|Professor Nguyễn Thị Lan, director of Việt Nam University of Agriculture (second from right), and lecturers from the Environmental Technology sub-department under the Environment Department of Hà Nội University of Science – Việt Nam National University (second from left) receive the Kovalevskaya Award - an international prize for the most outstanding female scientists. — VNA/VNS Photo Phương Hoa|
HÀ NỘI — Professor Nguyễn Thị Lan, director of Việt Nam University of Agriculture, yesterday received the Kovalevskaya Award – an annual honour presented to outstanding female scientists who have gained remarkable achievements in the research and application of science.
Lan, born in 1974, started her career as a veterinarian. Now, she is a senior professor of animal diseases at the university.
She has had 105 articles published in local and international scientific journals. Many of her works have been widely recognised such as her contribution to the vaccine against fever in dogs and quick test kits to detect the Porcine Reproductive and Respiratory Syndrome virus (PRRS) – a virus that causes a disease in pigs, also known as blue-ear pig disease.
She is also a supervisor for PhD and masters students and has worked to compile textbooks and programmes and update teaching methods.
Speaking at a press briefing on the Kovalevskaya award last Friday, Lan said she had a real passion for studying vaccines for pets.
As director of the agriculture university, Lan said she paid attention to developing human resource for agriculture, rural areas and farmers.
“High quality human resources are a prerequisite to developing a modern agriculture and civilised rural areas,” she said.
“Nowadays, university graduates need not only good knowledge and expertise, but also skills – especially in creation, teamwork and critical thinking – so they cannot be replaced by robots and artificial intelligence,” she said.
The Kovalevskaya Award’s group category was given to female lecturers of the Environmental Technology sub-department under the Environment Department of Hà Nội University of Science – Việt Nam National University for their research on waste treatment technology and environment quality analysis.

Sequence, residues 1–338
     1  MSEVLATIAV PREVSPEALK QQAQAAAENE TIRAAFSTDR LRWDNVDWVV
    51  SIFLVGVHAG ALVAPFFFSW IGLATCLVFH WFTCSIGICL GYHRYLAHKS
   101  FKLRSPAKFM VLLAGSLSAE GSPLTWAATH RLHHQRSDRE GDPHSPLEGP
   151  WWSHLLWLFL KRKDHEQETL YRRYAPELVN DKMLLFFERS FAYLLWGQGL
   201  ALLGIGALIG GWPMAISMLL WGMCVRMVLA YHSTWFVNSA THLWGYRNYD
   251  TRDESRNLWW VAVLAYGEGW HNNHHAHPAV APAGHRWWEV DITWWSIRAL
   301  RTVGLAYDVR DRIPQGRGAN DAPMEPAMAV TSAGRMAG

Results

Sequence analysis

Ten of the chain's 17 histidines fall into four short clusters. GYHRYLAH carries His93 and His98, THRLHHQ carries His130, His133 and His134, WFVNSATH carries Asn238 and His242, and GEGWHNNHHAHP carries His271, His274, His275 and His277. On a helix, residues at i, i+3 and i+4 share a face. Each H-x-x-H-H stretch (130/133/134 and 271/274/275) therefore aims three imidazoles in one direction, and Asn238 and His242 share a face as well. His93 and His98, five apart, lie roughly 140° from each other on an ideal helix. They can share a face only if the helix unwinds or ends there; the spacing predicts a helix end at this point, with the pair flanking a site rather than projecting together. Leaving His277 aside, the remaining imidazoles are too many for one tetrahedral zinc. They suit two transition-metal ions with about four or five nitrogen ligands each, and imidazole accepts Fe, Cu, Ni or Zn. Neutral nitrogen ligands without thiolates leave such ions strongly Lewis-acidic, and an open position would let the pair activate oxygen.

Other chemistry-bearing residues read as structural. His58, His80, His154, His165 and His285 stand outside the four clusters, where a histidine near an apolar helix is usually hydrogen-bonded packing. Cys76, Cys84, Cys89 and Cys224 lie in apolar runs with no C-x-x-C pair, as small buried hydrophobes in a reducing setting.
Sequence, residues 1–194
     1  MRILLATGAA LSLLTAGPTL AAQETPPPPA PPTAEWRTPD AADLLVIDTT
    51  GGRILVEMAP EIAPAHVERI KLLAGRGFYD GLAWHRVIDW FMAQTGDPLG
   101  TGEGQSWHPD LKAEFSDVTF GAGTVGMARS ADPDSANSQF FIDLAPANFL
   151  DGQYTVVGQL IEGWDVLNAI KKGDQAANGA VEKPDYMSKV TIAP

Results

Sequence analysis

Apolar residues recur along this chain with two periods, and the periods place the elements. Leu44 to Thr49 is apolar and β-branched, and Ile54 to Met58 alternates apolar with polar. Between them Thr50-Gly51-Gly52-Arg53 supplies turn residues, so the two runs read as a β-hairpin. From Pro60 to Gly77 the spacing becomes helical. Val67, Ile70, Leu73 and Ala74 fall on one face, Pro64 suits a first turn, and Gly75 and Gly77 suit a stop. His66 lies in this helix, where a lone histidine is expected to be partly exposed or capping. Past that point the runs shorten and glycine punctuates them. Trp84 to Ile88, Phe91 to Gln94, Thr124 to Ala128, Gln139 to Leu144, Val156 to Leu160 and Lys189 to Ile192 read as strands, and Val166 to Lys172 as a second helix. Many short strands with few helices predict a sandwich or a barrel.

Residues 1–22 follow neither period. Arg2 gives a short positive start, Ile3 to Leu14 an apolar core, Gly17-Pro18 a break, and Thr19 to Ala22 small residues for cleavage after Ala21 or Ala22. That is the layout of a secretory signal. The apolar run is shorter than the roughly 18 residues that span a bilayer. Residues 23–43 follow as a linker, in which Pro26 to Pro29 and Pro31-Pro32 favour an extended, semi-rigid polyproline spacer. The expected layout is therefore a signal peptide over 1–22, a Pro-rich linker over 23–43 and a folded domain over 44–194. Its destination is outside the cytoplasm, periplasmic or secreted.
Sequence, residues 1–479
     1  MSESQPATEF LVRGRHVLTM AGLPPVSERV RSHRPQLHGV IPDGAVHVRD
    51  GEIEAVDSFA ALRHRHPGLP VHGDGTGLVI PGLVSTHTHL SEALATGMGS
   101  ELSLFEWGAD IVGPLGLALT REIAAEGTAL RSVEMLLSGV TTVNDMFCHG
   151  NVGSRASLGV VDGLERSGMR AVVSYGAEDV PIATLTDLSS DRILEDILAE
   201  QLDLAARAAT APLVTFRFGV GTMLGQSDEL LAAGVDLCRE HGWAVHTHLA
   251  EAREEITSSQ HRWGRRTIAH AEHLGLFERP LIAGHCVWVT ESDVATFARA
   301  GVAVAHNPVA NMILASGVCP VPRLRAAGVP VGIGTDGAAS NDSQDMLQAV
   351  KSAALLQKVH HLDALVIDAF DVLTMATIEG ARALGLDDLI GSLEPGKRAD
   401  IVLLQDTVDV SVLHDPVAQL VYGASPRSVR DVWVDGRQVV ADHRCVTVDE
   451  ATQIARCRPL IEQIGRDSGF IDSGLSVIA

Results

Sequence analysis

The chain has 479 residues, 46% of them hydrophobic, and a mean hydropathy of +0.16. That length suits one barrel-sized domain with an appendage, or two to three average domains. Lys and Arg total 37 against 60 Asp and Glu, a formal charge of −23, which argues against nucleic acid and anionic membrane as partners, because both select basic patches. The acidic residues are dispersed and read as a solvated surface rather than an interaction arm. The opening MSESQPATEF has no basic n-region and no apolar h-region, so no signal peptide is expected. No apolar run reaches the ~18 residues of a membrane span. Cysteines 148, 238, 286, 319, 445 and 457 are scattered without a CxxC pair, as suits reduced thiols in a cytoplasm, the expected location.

The sub-department has a staff of 13, nine of whom are women.
Over the last ten years, the nine female researchers conducted 33 study projects and joined 65 others at universities and international co-operation projects.
They also contributed to develop 24 textbooks used locally, three textbooks used overseas. They had 30 articles publicised on international scientific journals and other 114 articles on local journals.
Associate Professor Dr Nguyễn Thị Hà, head of the Environment Technology Sub-Department, said that a major challenge for environment technology researchers is to balance economic and environmental factors.
A member of the sub-department, Dr Trần Thị Huyền Nga, said that during study projects, they spent almost all of their time at labs working in silence.
“Sometimes we feel very nervous and exhausted,” Nga said. “Persistence and sacrifice are two advantages of women that play an important role in our success.”
Former State President Nguyễn Thị Doan, chairwoman of the National Committee for the Kovalevskaya Award, said at the ceremony yesterday that female scientists’ successes made them famous but, more importantly, they also helped increase social productivity, create more jobs and provide better human resources, contributing to national development.
President of the Việt Nam Fatherland Front (VFF) Central Committee Trần Thanh Mẫn said that gender prejudice on the role of women in the family was a barrier for female scientists, forcing them to spare no efforts if they wanted to spend as much time as men did on scientific pursuits.
Mẫn said besides the women’s efforts, people should have proper understanding and recognition of their roles and contributions.
He said Việt Nam would continue to have policies to help Vietnamese women in general and female scientists in particular promote their talents and abilities.
The Kovalevskaya Award is named after Russian mathematician Sofia Kovalevskaya, and is awarded by the fund of the same name. The fund operates in eight countries in Latin America, Africa and Asia.
The award was first given to Vietnamese scientists in 1985. Since then, 48 individuals and 19 groups of outstanding Vietnamese women in science have received the award. — VNS